The Prime Minister of the British Virgin Islands was arrested in Miami on Thursday on suspicion of drug trafficking and money laundering, authorities said.
According to an indictment filed in the US Southern District of Florida, Andrew Fahie, who is the elected head of government for the small area of approximately 30,000 residents, demanded a $500,000 upfront payment to allow cocaine to slip through the area en route to Miami and New York. He was charged with conspiracy to import at least five kilograms of cocaine mixture and conspiracy to launder money.
According to the complaint, the area’s port director, Oleanvine Pickering Maynard, and her son Kadeem Stephan Maynard are also facing these charges.
A man posing as an employee of the Sinaloa cartel, but a confidential source to federal authorities, met with Ms. Maynard on March 20, according to the complaint.
The man told Ms Maynard that according to the document, he needed help transporting thousands of kilograms of cocaine from Colombia via Tortola, which is in the British Virgin Islands. Ms Maynard agreed to help and said Mr Fahie would also be open to such an arrangement, according to the complaint.
On April 7, the confidential source met with Mr Fahie, who asked for the prepayment to start the process and said that, according to the complaint, Ms Maynard could provide the permits needed to allow the cocaine to pass through the ports. slip. The source then gave Mr Fahie $20,000, saying, “This is a good-faith gift to seal that we have an agreement,” the document said.
The source also suggested that authorities could organize seizures of bad drugs and money by Mr Fahie in the area to allay suspicion and make it look like he was fighting the drug trade, the document said.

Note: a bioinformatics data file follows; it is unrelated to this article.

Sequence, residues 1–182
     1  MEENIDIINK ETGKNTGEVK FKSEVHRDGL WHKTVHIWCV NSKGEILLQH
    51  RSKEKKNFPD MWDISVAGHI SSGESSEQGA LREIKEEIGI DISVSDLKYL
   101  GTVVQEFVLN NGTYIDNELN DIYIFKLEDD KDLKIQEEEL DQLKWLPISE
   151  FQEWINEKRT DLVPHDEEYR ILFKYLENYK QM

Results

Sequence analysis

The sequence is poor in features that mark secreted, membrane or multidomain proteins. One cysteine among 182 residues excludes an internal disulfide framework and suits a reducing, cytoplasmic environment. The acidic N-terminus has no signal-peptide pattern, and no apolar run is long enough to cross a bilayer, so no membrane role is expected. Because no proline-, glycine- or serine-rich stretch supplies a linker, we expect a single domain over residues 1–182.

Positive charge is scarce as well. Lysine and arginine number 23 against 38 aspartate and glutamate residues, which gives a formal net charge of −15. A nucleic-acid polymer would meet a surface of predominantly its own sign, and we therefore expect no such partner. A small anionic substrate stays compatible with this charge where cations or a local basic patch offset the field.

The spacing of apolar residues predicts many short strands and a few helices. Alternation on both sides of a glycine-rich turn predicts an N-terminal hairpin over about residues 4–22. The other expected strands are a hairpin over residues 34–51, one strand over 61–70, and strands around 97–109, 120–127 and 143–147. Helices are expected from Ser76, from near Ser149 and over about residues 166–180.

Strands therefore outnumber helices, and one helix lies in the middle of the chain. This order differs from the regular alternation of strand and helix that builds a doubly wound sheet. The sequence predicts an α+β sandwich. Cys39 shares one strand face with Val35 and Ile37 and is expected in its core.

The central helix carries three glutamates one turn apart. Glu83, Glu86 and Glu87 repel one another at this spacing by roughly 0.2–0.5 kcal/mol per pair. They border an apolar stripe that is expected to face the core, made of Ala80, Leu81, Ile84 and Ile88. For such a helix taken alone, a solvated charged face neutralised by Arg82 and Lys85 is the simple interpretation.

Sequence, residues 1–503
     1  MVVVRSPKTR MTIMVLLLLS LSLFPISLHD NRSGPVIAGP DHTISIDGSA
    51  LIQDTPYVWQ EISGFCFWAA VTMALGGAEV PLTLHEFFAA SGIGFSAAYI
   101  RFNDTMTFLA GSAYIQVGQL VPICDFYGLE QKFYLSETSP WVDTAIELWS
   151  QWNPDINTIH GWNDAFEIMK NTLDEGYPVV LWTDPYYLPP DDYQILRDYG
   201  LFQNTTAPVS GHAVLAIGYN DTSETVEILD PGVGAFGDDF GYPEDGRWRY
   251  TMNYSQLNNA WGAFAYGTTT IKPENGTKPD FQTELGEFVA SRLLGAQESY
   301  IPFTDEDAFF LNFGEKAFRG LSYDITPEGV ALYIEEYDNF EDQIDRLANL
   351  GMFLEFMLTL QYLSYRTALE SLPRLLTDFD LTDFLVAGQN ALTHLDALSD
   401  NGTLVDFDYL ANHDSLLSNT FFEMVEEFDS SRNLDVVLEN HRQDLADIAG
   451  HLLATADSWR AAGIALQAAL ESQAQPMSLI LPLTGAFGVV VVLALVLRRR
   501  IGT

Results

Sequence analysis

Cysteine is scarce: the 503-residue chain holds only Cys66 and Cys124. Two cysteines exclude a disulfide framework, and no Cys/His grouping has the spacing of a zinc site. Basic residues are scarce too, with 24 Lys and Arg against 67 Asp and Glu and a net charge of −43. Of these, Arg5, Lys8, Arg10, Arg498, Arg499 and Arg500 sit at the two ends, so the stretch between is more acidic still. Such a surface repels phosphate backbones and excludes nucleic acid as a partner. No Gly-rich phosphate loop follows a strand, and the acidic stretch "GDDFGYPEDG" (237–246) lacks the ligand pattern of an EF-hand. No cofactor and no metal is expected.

“Fahie laughed and said the CS had thought of everything,” the document said, citing the confidential source.
Mr Fahie, Ms Maynard and Mr Maynard were not immediately contactable and it was unclear who their attorneys were.
In a statement on Thursday, British Foreign Secretary Liz Truss said she has spoken with the British Virgin Islands governor and that he will hold an emergency meeting on the matter.
“I am shocked by these serious allegations,” she said. “This arrest demonstrates the importance of the recently concluded Commission of Inquiry.”
Ms Truss referred to an independent investigation by the area’s governor, John Rankin, that began in January 2021 with the aim of reviewing the area’s governance and making recommendations for improvement.
The aim of the ongoing investigation “is to determine whether there is evidence of corruption, abuse of office or other serious dishonesty that has taken place in public office in recent years, and if so, under what circumstances this has occurred,” the UK government said. .
The investigation, officials said, “was launched in part in response to wide-ranging public concerns.”
Katie Benner reporting contributed.